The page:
Bit Choice for Drilling 2-Inch Holes in White Oak

      This much drilling in hard wood is a torture test for any bit. What's the best bit for the job? August 8, 2010

I need to drill a 2" hole through several (116) white oak post brackets. The bracket is 5" thick. The wood has been dried to 16%. I plan on using a drill press. What would be the best bit to use?

Forum Responses
(Solid Wood Machining Forum)
From contributor D:
Any bit you use will be dull by the time you finish those. I'd just buy several spade bit and keep them sprayed with something like Bostik DriCote. If you aren't in a hurry, let the bits cool down every so often doing other things. If things start smoking, it will be a long task.

From the original questioner:
Thanks for replying. I looked for 2" flat bits and couldn't find any locally. Do you know where I could order some from? I was about to order a Bormax forstner bit. They are made in Germany and are supposed to be very sharp and long lasting. They cost about $85. I found them at Traditional Woodworker's website.

From contributor S:
What about making a template and using a router with a collar on it? You can get an upcut bit to remove the waste as you go.

From contributor P:
So if I read this right, quantity 116 with two inch diameter holes, five inches deep in white oak. That is a lot of work. Assuming your drill press has five inches of travel and sufficient power, I would go with a inserted spade drill and arbor. Not the woodworking style, but for metal working. It requires that you drill a 3/4 pilot hole first with a twist drill. Then pilot the spade drill through. Itís low on power requirements and does a slick job.

From contributor R:
I would use a Forstner. Standard steel would work well and can be easily sharpened or you can get carbide if you prefer, most of this size have a toothed rim and are fairly aggressive. You will definitely want to use a press and with a backup piece underneath you will get a clean exit.

From contributor L:
A multi-spur bit will drill those all day with no problem. I only use Forstner bits for specific applications such as flat bottomed holes, etc. Lee Valley Toothed Forstners are darn close to a multi-spur bit and priced affordable. For multi-spur bits see Fuller, Morris, Mcmaster. They are pricey but the best choice. We used them in the production shops on a daily basis.

Would you like to add information to this article?
Interested in writing or submitting an article?
Have a question about this article?

Have you reviewed the related Knowledge Base areas below?
  • KnowledgeBase: Knowledge Base

  • KnowledgeBase: Solid Wood Machining

  • KnowledgeBase: Solid Wood Machining: Tooling

    Would you like to add information to this article? ... Click Here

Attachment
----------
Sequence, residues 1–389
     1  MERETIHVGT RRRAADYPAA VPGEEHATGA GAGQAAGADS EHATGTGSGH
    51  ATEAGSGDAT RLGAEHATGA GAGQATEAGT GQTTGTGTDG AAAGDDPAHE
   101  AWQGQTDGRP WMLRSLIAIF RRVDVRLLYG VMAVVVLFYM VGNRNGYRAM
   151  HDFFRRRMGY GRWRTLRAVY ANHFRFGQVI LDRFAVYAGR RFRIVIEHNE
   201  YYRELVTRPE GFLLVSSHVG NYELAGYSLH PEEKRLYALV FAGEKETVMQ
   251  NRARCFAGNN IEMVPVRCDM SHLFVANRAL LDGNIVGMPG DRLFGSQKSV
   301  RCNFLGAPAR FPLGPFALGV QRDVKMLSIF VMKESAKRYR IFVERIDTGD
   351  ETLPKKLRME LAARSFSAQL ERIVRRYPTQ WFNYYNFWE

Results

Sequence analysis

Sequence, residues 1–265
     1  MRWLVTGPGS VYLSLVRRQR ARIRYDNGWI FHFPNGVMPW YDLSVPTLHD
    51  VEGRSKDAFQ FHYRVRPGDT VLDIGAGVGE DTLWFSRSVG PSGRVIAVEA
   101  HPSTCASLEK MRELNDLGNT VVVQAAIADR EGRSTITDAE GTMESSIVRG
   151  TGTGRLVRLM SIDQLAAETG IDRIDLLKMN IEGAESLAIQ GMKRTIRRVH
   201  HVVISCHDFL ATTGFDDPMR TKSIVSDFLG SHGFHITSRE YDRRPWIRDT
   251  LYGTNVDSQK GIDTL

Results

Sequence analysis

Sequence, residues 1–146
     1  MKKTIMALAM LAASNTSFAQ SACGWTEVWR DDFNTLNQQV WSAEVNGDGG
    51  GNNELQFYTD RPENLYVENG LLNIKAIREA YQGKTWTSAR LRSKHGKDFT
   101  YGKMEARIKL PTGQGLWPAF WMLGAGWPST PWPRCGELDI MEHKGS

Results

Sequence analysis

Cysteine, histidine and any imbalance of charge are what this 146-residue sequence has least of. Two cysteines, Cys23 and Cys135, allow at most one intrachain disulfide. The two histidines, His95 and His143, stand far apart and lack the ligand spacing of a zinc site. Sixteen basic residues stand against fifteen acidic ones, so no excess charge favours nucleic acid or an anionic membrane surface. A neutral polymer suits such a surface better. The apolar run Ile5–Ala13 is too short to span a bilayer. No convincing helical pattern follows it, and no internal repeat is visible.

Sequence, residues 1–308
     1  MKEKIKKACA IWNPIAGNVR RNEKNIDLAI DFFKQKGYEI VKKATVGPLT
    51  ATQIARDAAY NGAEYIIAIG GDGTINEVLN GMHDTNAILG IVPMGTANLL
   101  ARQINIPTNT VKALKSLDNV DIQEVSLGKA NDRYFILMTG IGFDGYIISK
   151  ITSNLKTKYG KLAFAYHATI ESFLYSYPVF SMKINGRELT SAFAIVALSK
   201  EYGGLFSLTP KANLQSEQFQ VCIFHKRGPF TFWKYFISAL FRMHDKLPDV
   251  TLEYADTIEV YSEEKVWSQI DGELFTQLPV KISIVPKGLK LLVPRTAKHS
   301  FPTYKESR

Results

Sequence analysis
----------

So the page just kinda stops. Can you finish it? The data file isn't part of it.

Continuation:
If you have a question regarding a Knowledge Base article, your best chance at uncovering an answer is to search the entire Knowledge Base for related articles or to post your question at the appropriate WOODWEB Forum. Before posting your message, be sure to
    review our Forum Guidelines.

    Questions entered in the Knowledge Base Article comment form will not generate responses! A list of WOODWEB Forums can be found at WOODWEB's Site Map.

    When you post your question at the Forum, be sure to include references to the Knowledge Base article that inspired your question. The more information you provide with your question, the better your chances are of receiving responses.

    Return to beginning of article.

    Refer a Friend || Read This Important Information || Site Map || Privacy Policy || Site User Agreement

    Letters, questions or comments? E-Mail us and let us know what you think. Be sure to review our Frequently Asked Questions page.

    Contact us to discuss advertising or to report problems with this site.

    To report a problem, send an e-mail to our Webmaster

    Copyright © 1996-2019 - WOODWEB ® Inc.
    All rights reserved. No part of this publication may be reproduced in any manner without permission of the Editor.
    Review WOODWEB's Copyright Policy.

    The editors, writers, and staff at WOODWEB try to promote safe practices. What is safe for one woodworker under certain conditions may not be safe for others in different circumstances. Readers should undertake the use of materials and methods discussed at WOODWEB after considerate evaluation, and at their own risk.

    WOODWEB, Inc.
    335 Bedell Road
    Montrose, PA 18801

    Contact WOODWEB

  • WOODWEB - the leading resource for professional woodworkers

      Home » Knowledge Base » Knowledge Base Article